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Spain leads the call for a common EU policy on airport security

Fri 8th Jan 2010

Britain, the Netherlands and Italy are to introduce the full-body airport scanners, which has divided opinion across the EU. Spain, which currently holds the EU presidency, has called for a common policy over using such scanners, and have agreed to address concerns about passenger privacy.

The Spanish EU presidency has called for a common position throughout the EU on these scanners after a number of states disagreed over the introduction of new security technology.

Spanish Transport Minister Jose Blanco Lopez made the appeal after EU experts met on Thursday to discuss the proposed measure. A number of EU countries, including Spain, are unhappy about possible privacy issues relating to the scanners, which can "see through" clothing to create three-dimensional images of passengers.

Lopez said that a common approach to security would be more sensible than member states taking individual measures. Britain and Italy have decided to install the scanners, while the Netherlands will increase the scanners already in use from 15 to 60.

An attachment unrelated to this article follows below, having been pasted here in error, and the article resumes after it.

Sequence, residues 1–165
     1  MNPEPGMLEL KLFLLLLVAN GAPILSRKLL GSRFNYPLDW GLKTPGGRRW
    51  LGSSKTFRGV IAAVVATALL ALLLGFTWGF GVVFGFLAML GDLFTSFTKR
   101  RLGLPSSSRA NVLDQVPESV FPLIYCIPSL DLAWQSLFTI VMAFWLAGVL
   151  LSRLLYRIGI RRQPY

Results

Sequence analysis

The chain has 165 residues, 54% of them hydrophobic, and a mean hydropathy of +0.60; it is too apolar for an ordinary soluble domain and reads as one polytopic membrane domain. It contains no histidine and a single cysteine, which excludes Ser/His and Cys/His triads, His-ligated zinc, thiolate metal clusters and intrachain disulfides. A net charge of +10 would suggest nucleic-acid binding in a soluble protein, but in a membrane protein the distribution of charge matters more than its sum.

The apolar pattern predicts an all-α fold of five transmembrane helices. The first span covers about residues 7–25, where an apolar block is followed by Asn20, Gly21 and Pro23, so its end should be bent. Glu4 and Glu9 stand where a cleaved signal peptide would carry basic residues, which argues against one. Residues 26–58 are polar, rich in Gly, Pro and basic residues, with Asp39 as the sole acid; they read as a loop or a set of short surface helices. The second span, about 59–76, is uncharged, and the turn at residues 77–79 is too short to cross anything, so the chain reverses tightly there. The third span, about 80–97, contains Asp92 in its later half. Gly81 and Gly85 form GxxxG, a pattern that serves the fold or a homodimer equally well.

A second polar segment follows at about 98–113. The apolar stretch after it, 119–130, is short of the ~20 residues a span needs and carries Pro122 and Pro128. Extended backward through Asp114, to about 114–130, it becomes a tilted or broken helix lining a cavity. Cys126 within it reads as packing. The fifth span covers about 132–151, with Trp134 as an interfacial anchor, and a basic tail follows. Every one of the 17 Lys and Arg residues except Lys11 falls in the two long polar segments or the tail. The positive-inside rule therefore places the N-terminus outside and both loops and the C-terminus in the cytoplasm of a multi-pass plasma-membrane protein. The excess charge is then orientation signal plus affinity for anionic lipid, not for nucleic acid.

"It's better for Europe to have a common position because it makes no sense for European passengers to travel from London to Madrid and back and have different controls," said Lopez. "A common position would be better for all of us, even if it wasn't binding," he continued.

The issue of the proposed security measures arose after Nigerian Umar Farouk Abdulmutallab was charged with an attempt to blow up a US-bound jet from Amsterdam on December 25.

"We should not react hastily and assume that full body scanners are the best security measure," said Lopez. "We have to find the right balance between security and respect for freedoms and privacy."

The EU Commission reported "an exchange of views" over the technology and that "an initiative" on employing it, which had previously been blocked, was being reconsidered.

"If there are no problems with human rights, health, the freedom of citizens and data use, I cannot exclude that the commission could re-open the question of body scanners," EU Transport Commissioner Antonio Tajani said.

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